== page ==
"We never know what people are enduring,” Bernice King, the daughter of the late civil rights leader Martin Luther King Jr., wrote on Twitter in a salute to the actor. “Humans ... we are wonders. Thank you, Chadwick, for gifting us with your greatness in the midst of a painful struggle.

"Oprah Winfrey wrote: "What a gentle gifted soul. Showing us all that greatness between surgeries and chemotherapy. This is what dignity looks like".

 

Award-winning musician John Legend said Boseman "brought grace, elegance and power to everything he did. He always seemed to carry our ancestors with him".

His character T’Challa, king and protector of technologically advanced Wakanda, was the first black superhero in mainstream American comics, having been featured in The Fantastic Four in 1966.

The Marvel film was celebrated as an important cultural moment for its mainly Black cast, and for subverting stereotypes.

Boseman shrugged off doubters who tried to convince him not to give the superhero an African accent.

“There was a time period where people would ask me questions about whether or not an audience could sit through a movie with a lead character that spoke with that accent,” he said at the time.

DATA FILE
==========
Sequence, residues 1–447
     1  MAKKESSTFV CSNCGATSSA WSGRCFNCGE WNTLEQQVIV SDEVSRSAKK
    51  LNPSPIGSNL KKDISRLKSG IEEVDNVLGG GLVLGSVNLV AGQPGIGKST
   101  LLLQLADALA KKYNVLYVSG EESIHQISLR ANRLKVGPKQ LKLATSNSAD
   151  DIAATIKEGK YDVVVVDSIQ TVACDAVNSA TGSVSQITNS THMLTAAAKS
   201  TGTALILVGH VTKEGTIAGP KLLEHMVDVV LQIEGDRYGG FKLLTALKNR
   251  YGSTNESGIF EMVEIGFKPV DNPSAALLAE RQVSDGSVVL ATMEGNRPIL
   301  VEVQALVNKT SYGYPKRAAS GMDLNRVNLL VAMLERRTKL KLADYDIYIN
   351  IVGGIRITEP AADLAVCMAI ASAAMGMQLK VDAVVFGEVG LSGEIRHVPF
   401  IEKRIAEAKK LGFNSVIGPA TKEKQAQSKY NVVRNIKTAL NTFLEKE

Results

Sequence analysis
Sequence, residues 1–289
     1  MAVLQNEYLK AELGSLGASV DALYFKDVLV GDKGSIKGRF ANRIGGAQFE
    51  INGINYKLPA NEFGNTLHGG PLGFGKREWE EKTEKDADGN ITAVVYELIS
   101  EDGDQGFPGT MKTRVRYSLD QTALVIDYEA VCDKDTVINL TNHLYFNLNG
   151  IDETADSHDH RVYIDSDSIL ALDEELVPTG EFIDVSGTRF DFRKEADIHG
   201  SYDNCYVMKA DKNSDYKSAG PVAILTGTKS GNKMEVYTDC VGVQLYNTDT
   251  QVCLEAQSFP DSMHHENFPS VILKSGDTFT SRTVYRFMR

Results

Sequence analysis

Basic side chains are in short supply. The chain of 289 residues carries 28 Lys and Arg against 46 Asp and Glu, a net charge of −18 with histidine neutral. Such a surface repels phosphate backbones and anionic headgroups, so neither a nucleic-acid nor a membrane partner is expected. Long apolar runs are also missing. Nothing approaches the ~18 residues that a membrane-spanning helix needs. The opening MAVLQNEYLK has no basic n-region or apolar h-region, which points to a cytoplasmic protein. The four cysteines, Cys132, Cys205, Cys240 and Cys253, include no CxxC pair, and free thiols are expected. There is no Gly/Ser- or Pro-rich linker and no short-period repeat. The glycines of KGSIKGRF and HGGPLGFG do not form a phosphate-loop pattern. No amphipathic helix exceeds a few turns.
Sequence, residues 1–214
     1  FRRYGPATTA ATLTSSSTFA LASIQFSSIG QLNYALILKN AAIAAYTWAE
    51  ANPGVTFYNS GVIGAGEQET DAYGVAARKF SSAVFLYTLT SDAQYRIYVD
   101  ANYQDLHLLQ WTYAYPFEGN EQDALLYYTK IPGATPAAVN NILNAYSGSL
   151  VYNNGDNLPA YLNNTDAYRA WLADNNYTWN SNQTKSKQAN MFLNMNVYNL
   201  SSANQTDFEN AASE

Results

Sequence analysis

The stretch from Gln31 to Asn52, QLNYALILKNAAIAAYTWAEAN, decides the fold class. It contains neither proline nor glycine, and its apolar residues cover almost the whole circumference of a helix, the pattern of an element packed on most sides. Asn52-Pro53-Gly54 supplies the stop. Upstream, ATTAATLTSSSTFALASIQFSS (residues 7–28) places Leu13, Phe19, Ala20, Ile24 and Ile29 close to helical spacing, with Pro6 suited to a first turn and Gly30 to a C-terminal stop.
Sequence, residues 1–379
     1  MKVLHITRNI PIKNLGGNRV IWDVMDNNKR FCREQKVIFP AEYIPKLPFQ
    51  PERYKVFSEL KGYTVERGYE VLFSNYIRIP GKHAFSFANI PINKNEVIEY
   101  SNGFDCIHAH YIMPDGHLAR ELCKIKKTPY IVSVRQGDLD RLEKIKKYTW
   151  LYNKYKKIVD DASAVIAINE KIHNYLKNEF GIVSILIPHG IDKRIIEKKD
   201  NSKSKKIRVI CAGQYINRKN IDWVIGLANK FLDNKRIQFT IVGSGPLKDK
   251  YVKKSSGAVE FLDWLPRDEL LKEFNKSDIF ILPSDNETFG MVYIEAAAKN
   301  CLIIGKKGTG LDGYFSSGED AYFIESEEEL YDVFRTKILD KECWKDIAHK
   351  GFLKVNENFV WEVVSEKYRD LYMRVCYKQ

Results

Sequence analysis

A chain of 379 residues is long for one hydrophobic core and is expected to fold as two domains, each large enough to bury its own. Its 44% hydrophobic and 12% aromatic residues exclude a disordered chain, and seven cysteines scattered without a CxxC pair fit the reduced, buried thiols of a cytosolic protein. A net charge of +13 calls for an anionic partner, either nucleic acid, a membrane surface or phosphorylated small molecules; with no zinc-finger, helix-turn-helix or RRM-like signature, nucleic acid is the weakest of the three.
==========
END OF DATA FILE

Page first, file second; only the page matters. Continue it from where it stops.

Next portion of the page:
“I became adamant about the fact that it’s not true,” he added.

Embraced by global audiences, Black Panther became the second highest grossing movie at box offices worldwide in 2018, heralded for its vibrant celebration of African culture and applauded as a milestone for racial diversity in Hollywood.

The film was nominated for six Oscars, including best picture. It won three Academy Awards – in the best original score, best costume design and best production design categories. It also won the top Screen Actors Guild award that year for best movie ensemble.


Boseman, a native of South Carolina, began his screen career in episodes of television dramas such as Third Watch, Law & Order and ER.

He made his feature film debut with a small part in the 2008 sports biopic The Express, a drama based on the life of college football hero Ernie Davis, the first Black player to win the Heisman trophy.

He went on to star as a number of other real-life characters famed for breaking America’s racial barriers, including soul singer James Brown in Get on Up, Supreme Court Justice Thurgood Marshall in Marshall, and baseball pioneer Jackie Robinson in 42. 

But the actor’s most memorable role was his performance as T’Challa.

Boseman originated the Black Panther film role two years earlier in Marvel’s Captain America: Civil War, and reprised the part twice more in 2018’s Avengers: Infinity War and 2019’s Avengers: Endgame.

In June, Boseman joined more than 300 Black actors and filmmakers who signed an open letter urging Hollywood to steer away from entertainment glorifying police brutality and corruption and to invest in anti-racist content.

The letter was written in the midst of a cultural and political reckoning with systematic racism in the United States in the wake of the George Floyd death in Minneapolis. – AFP/REUTERS